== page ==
A diverse communion
Baylor history professors Thomas Kidd and Barry Hankins describe a dilemma Baptists confronted during the time of slavery in the South. Baptists supported chattel slavery on biblical grounds, but when slaves’ marriages were broken up because one partner was sold or moved away with the master, pious slaves were put in a bind. “Could they legally remarry if they had no reasonable hope of seeing their current spouse again?” The South Carolina Baptist association’s answer was not to rule on the issue, but rather to leave each church to decide. Thus a “biblical people” were forced to renegotiate the nature of Christian marriage in order to protect chattel slavery.
This account illustrates a major thesis of the book: Baptists began as a sectarian movement characterized by a powerful sense of dissent, primarily against religious establishments and privileged state churches. Baptist theology and praxis—autonomous churches, priesthood of the laity, distinct conversion experience, believer’s baptism, and a rabid egalitarianism—challenged the sentiments of more connectional, hierarchical Christian groups. But Baptist success in evangelization, coupled with their democratic polity, drew large numbers of adherents. This growth increased cultural privilege, which for some Baptist groups led to a growing support for the social and theological status quo.
Kidd and Hankins remind us that Baptists are a second-generation Reformation communion operating at both ends of the theological spectrum—from the Arminianism of the Free Will Baptists to the Calvinism of the Primitive Baptists, with assorted Anabaptist and modified Calvinist influences stirred in for good measure and consistent controversy.
To their credit, the authors avoid use of the pejorative term hyper-Calvinist to describe groups like the Primitive Baptists and other Reformed Baptists; that kind of condescension by earlier historians often undermined those groups’ real contributions to Baptist identity. I wish Kidd and Hankins had at least noted the Two-Seed-in-the-Spirit Predestinarian Baptists or the Primitive Baptist Universalists (known in Appalachia as “No-Hellers”)—the two traditions that bear the most colorful designations in the Baptist family.
Kidd and Hankins provide basic information about formative ideas and individuals while also focusing on lesser-known issues and persons often overlooked in survey texts. For example, in discussions of divisions over “religious affections” among Baptists in the First Great Awakening, they introduce readers to Ebenezer Kinnersley, an associate minister at the Baptist Church in Philadelphia. Going public in the Pennsylvania Gazette, Kinnersley charged that revivals created converts “filled brim-full of enthusiastical raptures and ecstasies, pretending to have large communications from God.” Kinnersley is not a well-known colonial Baptist leader, but his actions and denunciations illustrate the depth of the controversy over outward manifestations of inner religious experience, manifestations that both blessed and divided the faithful.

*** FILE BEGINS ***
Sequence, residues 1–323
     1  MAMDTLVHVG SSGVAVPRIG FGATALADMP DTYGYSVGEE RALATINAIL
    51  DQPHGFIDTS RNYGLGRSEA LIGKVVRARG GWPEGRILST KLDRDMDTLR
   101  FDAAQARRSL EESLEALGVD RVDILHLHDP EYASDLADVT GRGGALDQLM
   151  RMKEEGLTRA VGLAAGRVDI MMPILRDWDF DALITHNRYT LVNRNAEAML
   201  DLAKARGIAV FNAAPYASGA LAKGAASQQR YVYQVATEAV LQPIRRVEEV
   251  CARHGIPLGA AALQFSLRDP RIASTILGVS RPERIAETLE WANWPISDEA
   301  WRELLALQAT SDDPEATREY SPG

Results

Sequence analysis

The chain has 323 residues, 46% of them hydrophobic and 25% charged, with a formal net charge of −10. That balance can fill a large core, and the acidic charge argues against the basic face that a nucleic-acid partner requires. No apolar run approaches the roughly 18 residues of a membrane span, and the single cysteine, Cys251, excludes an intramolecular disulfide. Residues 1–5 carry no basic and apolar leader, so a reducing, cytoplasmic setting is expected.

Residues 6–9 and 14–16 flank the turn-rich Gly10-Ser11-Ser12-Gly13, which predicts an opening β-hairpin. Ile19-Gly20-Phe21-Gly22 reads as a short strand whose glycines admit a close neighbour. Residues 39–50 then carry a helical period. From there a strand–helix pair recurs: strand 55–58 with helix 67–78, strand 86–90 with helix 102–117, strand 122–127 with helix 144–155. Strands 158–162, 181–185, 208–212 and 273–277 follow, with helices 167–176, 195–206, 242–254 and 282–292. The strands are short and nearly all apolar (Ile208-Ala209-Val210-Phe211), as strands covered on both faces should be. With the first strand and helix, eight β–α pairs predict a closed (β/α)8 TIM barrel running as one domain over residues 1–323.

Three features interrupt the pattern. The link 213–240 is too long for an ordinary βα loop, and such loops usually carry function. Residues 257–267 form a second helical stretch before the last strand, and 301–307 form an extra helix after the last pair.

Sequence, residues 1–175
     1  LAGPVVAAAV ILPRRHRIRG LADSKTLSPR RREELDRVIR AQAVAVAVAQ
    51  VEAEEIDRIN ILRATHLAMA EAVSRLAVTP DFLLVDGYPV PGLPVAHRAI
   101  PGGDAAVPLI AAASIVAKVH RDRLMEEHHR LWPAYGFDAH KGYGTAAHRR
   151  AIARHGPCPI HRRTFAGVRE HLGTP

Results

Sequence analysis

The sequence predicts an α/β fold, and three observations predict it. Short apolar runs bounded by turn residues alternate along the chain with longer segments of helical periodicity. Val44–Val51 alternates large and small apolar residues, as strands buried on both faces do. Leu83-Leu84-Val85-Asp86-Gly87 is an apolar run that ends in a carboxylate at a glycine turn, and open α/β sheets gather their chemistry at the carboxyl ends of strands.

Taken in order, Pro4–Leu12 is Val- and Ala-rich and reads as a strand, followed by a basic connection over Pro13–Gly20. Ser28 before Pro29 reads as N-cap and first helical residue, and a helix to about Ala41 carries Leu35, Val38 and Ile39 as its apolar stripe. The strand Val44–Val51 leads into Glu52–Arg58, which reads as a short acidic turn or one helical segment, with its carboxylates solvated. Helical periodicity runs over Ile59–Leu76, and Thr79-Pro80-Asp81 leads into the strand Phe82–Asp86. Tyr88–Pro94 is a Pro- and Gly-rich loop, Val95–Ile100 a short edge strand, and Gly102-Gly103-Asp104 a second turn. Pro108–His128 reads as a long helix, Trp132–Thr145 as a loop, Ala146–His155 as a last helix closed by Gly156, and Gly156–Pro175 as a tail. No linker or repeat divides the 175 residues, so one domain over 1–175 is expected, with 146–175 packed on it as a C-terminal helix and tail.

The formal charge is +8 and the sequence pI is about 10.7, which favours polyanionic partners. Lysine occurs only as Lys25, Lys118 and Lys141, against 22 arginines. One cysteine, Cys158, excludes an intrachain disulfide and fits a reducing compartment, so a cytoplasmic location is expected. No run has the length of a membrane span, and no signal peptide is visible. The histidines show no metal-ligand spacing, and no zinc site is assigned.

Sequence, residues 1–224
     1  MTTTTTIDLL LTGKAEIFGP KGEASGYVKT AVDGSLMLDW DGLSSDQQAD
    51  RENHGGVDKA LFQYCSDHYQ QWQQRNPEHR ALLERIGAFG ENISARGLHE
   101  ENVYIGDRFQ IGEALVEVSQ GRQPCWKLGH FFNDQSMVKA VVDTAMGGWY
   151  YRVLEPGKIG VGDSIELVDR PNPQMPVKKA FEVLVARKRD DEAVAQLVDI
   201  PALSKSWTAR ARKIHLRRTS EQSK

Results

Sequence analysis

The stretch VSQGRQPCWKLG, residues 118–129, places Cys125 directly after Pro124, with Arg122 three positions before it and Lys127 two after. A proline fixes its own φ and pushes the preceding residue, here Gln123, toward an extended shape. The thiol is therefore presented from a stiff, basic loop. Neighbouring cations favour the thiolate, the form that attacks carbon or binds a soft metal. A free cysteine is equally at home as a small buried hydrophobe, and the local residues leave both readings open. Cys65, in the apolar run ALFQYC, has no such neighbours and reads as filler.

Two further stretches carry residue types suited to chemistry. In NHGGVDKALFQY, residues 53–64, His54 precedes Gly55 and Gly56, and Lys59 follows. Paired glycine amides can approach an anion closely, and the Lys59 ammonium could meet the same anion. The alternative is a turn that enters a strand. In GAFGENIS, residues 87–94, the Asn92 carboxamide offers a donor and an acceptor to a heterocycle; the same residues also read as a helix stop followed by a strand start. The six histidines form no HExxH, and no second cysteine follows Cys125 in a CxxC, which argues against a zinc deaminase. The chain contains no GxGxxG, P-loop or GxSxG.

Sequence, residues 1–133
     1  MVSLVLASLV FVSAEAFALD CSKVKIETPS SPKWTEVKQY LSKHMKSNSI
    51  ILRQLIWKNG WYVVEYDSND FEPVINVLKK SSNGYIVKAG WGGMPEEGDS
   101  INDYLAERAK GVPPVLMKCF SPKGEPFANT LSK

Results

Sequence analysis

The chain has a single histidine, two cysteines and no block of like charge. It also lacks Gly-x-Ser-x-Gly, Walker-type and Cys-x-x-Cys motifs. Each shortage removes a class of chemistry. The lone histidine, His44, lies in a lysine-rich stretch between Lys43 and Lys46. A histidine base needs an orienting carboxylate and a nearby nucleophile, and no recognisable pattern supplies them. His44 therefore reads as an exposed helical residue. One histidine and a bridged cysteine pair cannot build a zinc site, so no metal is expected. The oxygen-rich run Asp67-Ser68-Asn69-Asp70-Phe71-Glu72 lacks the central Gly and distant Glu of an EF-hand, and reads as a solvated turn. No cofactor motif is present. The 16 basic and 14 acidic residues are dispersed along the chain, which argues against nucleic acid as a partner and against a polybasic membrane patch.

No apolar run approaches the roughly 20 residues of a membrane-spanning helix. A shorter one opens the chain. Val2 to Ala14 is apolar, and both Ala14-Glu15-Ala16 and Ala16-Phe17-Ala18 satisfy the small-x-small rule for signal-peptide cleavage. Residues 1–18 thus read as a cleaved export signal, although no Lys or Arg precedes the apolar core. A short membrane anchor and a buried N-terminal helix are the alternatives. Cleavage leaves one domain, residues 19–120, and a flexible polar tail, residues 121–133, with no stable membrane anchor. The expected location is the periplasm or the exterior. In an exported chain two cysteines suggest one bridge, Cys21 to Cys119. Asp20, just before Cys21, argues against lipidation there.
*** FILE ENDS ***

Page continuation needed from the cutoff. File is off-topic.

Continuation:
The book traces the formative issues and leaders shaping Baptist life from the awakenings through slavery and Jim Crow, detailing the internal debates that split the movement into multiple groups—regionally, theologically, and culturally. Those debates are exemplified by the Old Landmark controversy, in which some Baptists attempted to make their tradition the only true church, traceable in unbroken succession to Jesus’ baptism by John the Baptist in the River Jordan.
Kidd and Hankins also give serious attention to later battles between fundamentalists and liberals, evident not only in the controversies of the 1920s and the rise of Independent Baptists but also later in the fragmentation of the Southern Baptist Convention. The authors, who themselves have strong connections to the SBC, include an extended discussion of the controversy between “fundamentalist-conservatives” and “moderate-conservatives,” as they were often called during the final quarter of the 20th century.
Writing a general history of any movement is not easy, and reviewers are apt to point out what is omitted as well as what is included. The authors’ discussion of the continuing theological controversy in the SBC contains no reference to the beginnings of alternative groups that were formed in response, namely the Alliance of Baptists and the Cooperative Baptist Fellowship. I also wish that Kidd and Hankins had given more attention to the development and contributions of the American Baptist Churches USA. Most of us who have written general histories of the Baptists have not told enough of that important story. Kidd and Hankins suggest that the SBC may have the broadest racial mix of any Baptist denomination, overlooking the intentionality of racial inclusion on ABCUSA boards and committees since the 1970s. Merely to attend a biennial gathering of the ABCUSA is to see its exceptional diversity.
These omissions notwithstanding, Kidd and Hankins have produced a helpful and well-written study that offers non-Baptists a sense of who Baptists were and are, while helping to ground Baptists themselves in a sense of identity that might well prepare them for the next inevitable controversy.